And this ad, placed by a well-known commission agent, was trumpeted in Ireland and England: “ARTHUR COCKBURN IN MARVELLOUS FORM [headline] His daily Three-horse Wires are simply Invincible. Every Wire indicates his Daily Double and also Special One-horse Selection” (in both The Belfast Telegraph and The Leeds Mercury, Aug. 30, 1909).

The meaning of daily double” is clear in this later example, where a prognosticator boasted after the fact that “I selected four winners in Dutch Toy, Plum, and Vertigo, whilst daily double was Plum and Vertigo” (The Daily Herald, London, Sept. 13, 1920). So three of his tips were for individual winners and the fourth was for a “daily double,” a single bet picking two winners.

And here’s another example, from a bookmaker’s ad promising unlimited payouts: “No doubt, in common with most backers, you fancy your daily double. Have you ever seen your selections winning at multiplied odds totalling hundreds to one and been paid at the rate of some ridiculous limit?” (Illustrated Sporting and Dramatic News, London, Feb. 9, 1924).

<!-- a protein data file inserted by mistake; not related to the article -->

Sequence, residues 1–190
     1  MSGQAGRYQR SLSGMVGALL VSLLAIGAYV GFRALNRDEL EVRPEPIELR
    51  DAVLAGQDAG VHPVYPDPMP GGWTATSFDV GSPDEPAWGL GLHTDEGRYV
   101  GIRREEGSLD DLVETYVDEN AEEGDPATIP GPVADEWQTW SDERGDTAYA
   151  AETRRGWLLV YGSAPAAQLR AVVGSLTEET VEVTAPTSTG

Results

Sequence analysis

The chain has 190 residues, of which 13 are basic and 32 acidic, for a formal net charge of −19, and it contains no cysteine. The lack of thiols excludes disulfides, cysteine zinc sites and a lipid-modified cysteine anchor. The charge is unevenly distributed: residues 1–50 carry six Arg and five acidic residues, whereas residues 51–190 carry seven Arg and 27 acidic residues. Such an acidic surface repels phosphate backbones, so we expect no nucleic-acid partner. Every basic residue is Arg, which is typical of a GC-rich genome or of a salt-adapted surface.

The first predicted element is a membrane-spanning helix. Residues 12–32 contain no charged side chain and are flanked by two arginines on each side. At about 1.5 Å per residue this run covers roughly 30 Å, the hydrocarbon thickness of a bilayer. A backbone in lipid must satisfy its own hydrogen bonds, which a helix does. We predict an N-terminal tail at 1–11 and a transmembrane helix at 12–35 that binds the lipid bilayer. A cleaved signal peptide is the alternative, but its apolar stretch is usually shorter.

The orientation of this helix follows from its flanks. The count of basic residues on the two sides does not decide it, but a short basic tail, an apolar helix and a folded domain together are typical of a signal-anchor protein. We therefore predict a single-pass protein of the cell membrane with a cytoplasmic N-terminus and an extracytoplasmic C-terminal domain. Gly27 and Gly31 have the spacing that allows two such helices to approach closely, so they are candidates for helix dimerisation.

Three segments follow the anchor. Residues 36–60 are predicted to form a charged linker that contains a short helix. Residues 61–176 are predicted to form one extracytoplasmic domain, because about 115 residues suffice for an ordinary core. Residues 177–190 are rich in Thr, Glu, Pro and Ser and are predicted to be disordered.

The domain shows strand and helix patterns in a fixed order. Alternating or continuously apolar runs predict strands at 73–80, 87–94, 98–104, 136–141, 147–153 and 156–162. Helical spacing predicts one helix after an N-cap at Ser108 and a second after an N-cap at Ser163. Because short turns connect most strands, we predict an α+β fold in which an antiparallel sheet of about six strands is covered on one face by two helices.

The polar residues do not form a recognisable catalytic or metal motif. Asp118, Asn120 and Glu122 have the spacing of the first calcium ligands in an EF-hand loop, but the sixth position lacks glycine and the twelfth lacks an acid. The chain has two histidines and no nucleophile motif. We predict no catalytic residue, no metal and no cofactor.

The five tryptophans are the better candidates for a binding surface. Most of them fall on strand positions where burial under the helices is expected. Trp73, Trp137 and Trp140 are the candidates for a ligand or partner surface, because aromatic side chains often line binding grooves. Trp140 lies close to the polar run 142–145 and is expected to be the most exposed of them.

The OED’s earliest examples for “daily double” begin in 1930, when England officially approved the use of the bet on the government-regulated apparatus known as the totalizator. (Invented in the 19th century, the totalizator was a mechanical device for recording bets and total amounts wagered. The noun came into English in 1879, adopted from the term for the same device in French, totalisateur, 1870.)

The first OED citation for “daily double” is a heading in The Times (London, Sept. 25, 1930): “Totalisator Daily Double.”

A news item later that week in an Australian newspaper explained how the “daily double” worked: “DAILY DOUBLE ON TOTE: The English [Racetrack] Betting Board of Control has instituted a daily double on the tote. The first day it was tried no backer was lucky enough to pick the winner of the two selected races. … According to rule, the pool was equally divided between those who named the winner of either race. Fifty backers participated in the pool, sixteen naming Last of the Estelles, winner of the first race, with a loser, and thirty-four Story Teller, who won the second race, with a loser” (The Queensland Times, Nov. 1, 1930).

According to newspaper accounts of the time, the first official “tote daily doubles” in England were run at Leicester and Brighton on Sept. 22, 1930, and at additional tracks on subsequent days and weeks.

The term “daily double” crossed the Atlantic—officially, at least—the following year. The OED’s earliest North American example is from a Canadian newspaper: “The ‘daily double’ system of betting was inaugurated for the first time on this continent at Victoria Park this afternoon” (The Manitoba Free Press, Winnipeg, May 21, 1931).